He owns the waterworks, the railroad and the hotel on Baltic Avenue. If you cross him he'll not only burn down your house, but throw your mother out of work and send your best friend to the morgue. Forget about going to the police because he owns them too
. You're only hope is to somehow recruit that stranger
with the mysterious past
, or, if you can find them, some mercenaries
for the chief antagonist in It's a Wonderful Life
, Old Man Potter is the capitalist successor to the previous class of landed gentry
that used to fill the same role. Naturally there are numerous examples
that helped inspired the trope and made such fingers highly salient to everyday people. Often portrayed as a Patriarch (or Matriarch)
of an extended family that can serve as their muscle, Old Man Potter often succeed in completely cowing the entire town into accepting their villainy, even in societies where one wouldn't expect it.
Old Man Potter is always a Big Fish in a Small Pond, content to dominate their little fiefdom without much greater ambition
. Often times they are able to get away with their crimes because nobody in the big city or state capitol notices what's going on out in the countryside. If a hero is unable to defeat Potter and his family by [[/Road House
kicking]], most times just getting word out
will be enough to summon The Cavalry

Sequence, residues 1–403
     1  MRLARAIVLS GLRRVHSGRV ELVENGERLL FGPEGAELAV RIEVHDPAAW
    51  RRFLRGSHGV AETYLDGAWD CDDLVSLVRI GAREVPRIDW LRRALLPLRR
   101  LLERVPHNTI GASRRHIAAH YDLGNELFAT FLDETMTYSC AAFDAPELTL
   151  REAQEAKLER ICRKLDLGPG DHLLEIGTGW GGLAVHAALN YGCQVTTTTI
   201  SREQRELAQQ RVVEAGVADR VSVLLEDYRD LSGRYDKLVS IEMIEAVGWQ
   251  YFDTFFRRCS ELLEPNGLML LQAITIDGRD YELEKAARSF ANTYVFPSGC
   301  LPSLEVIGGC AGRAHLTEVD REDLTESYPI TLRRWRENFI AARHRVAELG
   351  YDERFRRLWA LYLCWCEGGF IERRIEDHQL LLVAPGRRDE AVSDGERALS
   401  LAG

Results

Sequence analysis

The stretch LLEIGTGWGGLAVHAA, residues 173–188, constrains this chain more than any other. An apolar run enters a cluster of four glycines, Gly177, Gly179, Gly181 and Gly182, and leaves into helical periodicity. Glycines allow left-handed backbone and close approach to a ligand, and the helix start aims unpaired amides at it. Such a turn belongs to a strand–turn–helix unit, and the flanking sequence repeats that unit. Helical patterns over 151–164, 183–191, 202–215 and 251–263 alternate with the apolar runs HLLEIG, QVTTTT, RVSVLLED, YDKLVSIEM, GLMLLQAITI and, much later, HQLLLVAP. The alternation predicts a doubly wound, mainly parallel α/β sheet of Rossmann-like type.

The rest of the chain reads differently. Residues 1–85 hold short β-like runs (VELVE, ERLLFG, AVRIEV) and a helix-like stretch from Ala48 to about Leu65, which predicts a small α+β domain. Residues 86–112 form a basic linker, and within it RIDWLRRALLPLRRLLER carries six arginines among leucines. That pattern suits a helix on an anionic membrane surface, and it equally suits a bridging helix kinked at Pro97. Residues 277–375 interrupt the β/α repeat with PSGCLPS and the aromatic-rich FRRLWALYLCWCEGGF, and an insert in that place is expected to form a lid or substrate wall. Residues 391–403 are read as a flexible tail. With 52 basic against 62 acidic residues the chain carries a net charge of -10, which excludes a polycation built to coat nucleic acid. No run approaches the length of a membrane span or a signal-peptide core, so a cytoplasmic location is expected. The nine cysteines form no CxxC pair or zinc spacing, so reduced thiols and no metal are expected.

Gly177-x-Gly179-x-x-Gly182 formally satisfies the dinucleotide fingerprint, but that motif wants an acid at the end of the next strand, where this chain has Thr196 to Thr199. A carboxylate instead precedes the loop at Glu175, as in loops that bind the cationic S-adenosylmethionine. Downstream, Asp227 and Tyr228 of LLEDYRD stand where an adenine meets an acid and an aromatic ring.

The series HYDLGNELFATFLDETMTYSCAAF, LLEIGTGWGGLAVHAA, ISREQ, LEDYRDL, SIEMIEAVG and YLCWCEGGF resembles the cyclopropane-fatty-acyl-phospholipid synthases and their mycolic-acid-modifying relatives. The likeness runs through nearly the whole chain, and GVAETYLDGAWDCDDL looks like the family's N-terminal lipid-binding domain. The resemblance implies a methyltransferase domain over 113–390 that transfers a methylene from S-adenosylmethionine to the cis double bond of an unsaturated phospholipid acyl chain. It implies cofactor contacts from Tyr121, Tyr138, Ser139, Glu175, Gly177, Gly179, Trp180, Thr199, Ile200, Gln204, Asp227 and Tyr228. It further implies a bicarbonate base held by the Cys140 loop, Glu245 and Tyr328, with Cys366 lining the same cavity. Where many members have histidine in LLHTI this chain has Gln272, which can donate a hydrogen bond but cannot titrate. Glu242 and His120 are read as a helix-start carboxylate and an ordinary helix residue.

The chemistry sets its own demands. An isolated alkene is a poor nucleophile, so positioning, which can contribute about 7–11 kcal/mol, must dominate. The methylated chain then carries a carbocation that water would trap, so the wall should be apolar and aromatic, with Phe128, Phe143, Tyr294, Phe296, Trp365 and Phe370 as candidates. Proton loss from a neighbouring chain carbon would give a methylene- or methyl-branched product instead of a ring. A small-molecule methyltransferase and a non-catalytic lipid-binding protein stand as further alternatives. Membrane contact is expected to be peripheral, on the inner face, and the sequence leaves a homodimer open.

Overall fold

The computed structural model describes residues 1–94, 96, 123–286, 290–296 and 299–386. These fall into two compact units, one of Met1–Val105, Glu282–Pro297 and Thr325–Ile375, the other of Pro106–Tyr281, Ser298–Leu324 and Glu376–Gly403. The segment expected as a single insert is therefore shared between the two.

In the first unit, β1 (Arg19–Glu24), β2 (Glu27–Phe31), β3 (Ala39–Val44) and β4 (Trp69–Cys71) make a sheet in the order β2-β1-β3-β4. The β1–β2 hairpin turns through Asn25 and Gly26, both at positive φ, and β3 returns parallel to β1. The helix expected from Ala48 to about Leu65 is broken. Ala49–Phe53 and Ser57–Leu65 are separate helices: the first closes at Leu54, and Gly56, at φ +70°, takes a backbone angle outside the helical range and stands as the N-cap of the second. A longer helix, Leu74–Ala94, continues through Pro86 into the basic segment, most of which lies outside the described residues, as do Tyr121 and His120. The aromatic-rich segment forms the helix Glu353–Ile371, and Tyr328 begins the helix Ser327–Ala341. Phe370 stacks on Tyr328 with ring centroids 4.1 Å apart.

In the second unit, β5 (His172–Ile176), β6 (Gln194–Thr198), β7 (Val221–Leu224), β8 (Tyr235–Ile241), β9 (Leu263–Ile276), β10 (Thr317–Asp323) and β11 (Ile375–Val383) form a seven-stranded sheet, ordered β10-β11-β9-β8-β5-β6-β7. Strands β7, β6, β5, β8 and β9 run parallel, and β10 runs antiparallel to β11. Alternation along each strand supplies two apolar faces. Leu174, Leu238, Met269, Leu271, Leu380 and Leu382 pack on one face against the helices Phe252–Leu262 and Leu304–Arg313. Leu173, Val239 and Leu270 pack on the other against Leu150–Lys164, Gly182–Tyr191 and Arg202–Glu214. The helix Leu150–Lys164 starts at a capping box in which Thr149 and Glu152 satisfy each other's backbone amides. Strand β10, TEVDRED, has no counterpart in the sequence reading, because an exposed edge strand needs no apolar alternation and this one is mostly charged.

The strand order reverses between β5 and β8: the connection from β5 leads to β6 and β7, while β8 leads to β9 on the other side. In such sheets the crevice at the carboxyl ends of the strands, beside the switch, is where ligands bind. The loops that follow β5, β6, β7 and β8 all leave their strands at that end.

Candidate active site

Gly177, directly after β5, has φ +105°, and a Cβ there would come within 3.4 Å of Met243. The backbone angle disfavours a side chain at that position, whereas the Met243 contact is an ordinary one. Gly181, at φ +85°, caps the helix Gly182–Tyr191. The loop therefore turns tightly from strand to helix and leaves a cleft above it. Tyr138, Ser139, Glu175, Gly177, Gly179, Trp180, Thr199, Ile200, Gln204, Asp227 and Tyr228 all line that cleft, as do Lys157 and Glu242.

While once popular in all forms of media, Old Man Potter
is on his way to becoming a Discredited Trope
, at least in the developed world. corrupt executives
working for National, Multi-National or Megacorporations
have stepped in to take their place as the Real Life
local businesses that once influenced small town life have been bought up by larger and larger players
whose wealthy owners don't even bother to live near the communities they are destroying.
Modern implementation of Aristocrats Are Evil
. Compare with Corrupt Corporate Executive
- The A-Team seemed to go up against Old Man Potters in a majority of their episodes and might even serve as the modern day Trope Codifier.
- The Lincoln County War was a feud between Lawrence Murphy and his business partner James Dolan, who were trying to maintain a dry goods monopoly, and newcomers John Tunstall, his partner Alexander McSween and their ranch hand Billy the Kid.
- My Name Is Earl featured both Chubby and (after he died) his son Little Chubby owning damn near every store and operation in Camden County.
- In The Simpsons Mr. Burns is a caricature of this trope that can be Played Straight or Played for Laughs Depending on the Writer. It is implied many times that he is above the law and controls many aspects of the local economy including the ability to plunge the city into darkness, but at the same time is routinely called to account by various regulators and lacks the ability to effectively threaten people.
- Don Rosa's Scrooge McDuck is a an Lighter and Softer example with the whole of Duckburg being built around his financial empire. He nevertheless holds lease with the majority of the city, and holds sway with the local branch of the army, going as far as being able to order a missile strike to his doorstep. Played for Laughs, of course.